Porsche_911_frontAs with all the other major European marques, Porsche has been forced into the realisation that smaller capacity engines with turbochargers are the only way to keep engines clean and legal.

So the iconic German sportscar company has designed a virtually all-new 3.0-litre flat-six with twin turbochargers. Downsizing the powerplant from 3.8 to 3.0 litres hasn’t been as extreme a loss in capacity as with other German makers’ engines.

Our road test Porsche 911 was the Carrera S, the more powerful of the revised models. With a recommended retail price of $252,800 it’s about line ball for its class.

Our review machine had the PDK automated manual, $5950; a sports exhaust system, $5890; a full natural leather interior, $11720; powered glass slide and tilt sunroof, $4990; Porsche’s Sport chrono package, $4790; adaptive cruise control, $4690; great looking 20-inch Carrera Classic wheels, $2710; SportDesign door mirrors, $1290; and a Light Design package, $990.

All of a sudden we were riding in a $295,820 Porsche, and the dealer and government charges were still to come.

What can you say about Porsche 911 styling? The classic shape has been around for decades and changes are deliberately subtle. Only the front bonnet of the latest edition is unchanged, but you really do have to sit the old and new side by side to spot there are more differences than are immediately obvious.


Porsche’s new 3.0-litre flat-six comes in different stages of tune; power outputs are 272 kW in the Carrera, and 309 kW in ‘our’ Carrera S, the latter due to higher turbo boost.

Strong torque is the biggest advantage of turbocharging and the engines have 450 and 500 Nm. Peak torque is achieved at a ridiculously low 1700 rpm and runs all the way through to 5000 revs – there’s bulk grunt on offer virtually all the time.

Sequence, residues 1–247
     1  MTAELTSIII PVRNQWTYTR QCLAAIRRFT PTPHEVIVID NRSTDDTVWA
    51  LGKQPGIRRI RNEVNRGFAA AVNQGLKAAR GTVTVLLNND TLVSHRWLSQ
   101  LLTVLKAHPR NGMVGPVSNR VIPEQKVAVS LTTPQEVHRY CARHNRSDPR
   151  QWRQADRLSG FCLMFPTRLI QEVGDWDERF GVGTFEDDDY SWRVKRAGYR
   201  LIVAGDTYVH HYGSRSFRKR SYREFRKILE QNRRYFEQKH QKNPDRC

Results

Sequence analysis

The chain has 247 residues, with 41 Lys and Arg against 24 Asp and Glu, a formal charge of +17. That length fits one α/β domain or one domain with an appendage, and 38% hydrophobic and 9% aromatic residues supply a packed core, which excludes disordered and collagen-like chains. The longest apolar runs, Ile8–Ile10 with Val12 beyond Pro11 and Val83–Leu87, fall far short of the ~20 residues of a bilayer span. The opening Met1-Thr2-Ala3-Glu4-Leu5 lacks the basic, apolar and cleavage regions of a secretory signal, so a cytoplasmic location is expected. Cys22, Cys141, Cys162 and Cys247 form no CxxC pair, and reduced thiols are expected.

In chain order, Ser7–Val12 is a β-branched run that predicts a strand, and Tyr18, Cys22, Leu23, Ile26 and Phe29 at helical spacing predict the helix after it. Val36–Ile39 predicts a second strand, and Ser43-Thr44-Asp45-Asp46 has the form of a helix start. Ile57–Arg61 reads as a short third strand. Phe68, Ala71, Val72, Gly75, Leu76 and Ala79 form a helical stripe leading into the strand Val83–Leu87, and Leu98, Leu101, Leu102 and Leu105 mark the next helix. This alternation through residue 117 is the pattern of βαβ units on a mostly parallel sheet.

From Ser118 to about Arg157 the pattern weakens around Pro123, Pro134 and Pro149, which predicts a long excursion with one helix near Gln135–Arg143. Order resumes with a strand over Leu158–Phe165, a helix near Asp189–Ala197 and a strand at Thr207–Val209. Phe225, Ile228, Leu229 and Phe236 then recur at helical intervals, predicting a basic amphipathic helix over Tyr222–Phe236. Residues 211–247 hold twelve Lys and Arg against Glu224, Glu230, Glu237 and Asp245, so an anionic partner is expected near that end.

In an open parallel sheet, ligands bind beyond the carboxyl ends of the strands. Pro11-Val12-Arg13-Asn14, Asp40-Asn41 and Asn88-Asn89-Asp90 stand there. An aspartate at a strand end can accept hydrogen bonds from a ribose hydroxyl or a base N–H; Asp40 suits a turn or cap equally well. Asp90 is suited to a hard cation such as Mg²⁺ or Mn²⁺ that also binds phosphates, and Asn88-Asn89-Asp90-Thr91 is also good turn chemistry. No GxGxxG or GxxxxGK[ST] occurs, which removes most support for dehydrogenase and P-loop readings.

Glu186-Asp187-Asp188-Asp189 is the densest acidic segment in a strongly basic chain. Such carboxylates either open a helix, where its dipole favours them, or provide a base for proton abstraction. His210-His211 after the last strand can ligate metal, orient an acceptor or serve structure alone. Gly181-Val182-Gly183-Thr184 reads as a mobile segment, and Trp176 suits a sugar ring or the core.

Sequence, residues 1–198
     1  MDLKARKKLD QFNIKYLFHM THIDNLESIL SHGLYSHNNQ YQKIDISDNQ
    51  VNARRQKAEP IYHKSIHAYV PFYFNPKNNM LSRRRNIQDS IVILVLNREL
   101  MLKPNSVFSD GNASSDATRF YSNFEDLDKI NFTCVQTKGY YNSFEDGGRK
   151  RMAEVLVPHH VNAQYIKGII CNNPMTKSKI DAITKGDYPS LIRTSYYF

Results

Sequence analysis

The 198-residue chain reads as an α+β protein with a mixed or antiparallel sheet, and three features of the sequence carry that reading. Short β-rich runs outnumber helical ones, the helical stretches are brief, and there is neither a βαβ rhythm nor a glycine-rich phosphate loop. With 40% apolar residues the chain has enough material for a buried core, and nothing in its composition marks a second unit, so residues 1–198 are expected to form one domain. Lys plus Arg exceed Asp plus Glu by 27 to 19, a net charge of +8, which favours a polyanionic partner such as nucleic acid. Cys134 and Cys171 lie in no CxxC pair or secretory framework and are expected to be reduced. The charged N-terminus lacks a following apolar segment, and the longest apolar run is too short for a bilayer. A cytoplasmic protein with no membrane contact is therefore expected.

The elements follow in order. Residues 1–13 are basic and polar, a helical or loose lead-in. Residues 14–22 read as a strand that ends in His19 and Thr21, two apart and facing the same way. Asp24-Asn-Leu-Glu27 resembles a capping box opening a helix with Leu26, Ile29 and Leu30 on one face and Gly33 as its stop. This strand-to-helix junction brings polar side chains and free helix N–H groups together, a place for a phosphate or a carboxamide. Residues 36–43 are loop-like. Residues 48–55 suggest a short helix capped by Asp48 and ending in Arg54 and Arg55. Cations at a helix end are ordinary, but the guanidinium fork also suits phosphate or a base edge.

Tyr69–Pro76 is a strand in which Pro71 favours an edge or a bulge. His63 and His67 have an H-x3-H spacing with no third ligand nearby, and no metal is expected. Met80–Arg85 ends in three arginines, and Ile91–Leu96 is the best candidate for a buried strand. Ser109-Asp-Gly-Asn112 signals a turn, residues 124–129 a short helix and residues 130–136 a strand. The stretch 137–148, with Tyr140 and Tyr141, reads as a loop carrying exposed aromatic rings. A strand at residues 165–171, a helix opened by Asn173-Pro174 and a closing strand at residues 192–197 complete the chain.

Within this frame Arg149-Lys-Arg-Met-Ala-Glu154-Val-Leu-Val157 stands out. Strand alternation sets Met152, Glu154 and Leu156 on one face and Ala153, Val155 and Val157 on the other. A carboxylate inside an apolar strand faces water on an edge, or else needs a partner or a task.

The biggest trouble with turbo engines is lag – the time it takes for the boost to build up. The 911 engineers have worked hard to minimise the problem: the incoming air is electronically managed in different ways according to driver’s need, road surface, even climatic conditions. The engine takes in air centrally in front of the rear spoiler. Air also flows from two other ports into two induction channels that lead to the turbochargers. The turbochargers compress and the air which then flows through two intercoolers behind the wheel arches and then into the intake manifold via the throttle flap.

Porsche’s double-clutch (DuppelKupplung in German) automated manual transmission is the faster of two gearboxes on offer. Those who like the pleasure of sitting in front of a manual gearbox can take charge of a seven-speed – yes, seven-speed – full manual ‘box.

The Sport Chrono Package is our favourite piece of kit. A mode switch mounted on the steering wheel gives the choice of “Normal”, “Sport”, “Sport Plus” and “Individual”. The Individual setting lets you configure PASM, active engine mounts, PDK shifting strategy and sports exhaust system.


New 911 has the latest Porsche Communication Management system (PCM) with a new-design touchscreen that lets you operate it like a smartphone. Porsche Car Connect (PCC) features include traffic information in real time, Google Earth and Google Street View. The system can be networked with a smartphone to give access to many apps.

Getting from zero to 100 km/h in the Porsche 911 Carrera PDK takes 4.2 seconds if the Sport Chrono Package is fitted. The Carrera S just sneaks into the three-second bracket, taking only 3.9 seconds to get to 100 km/h.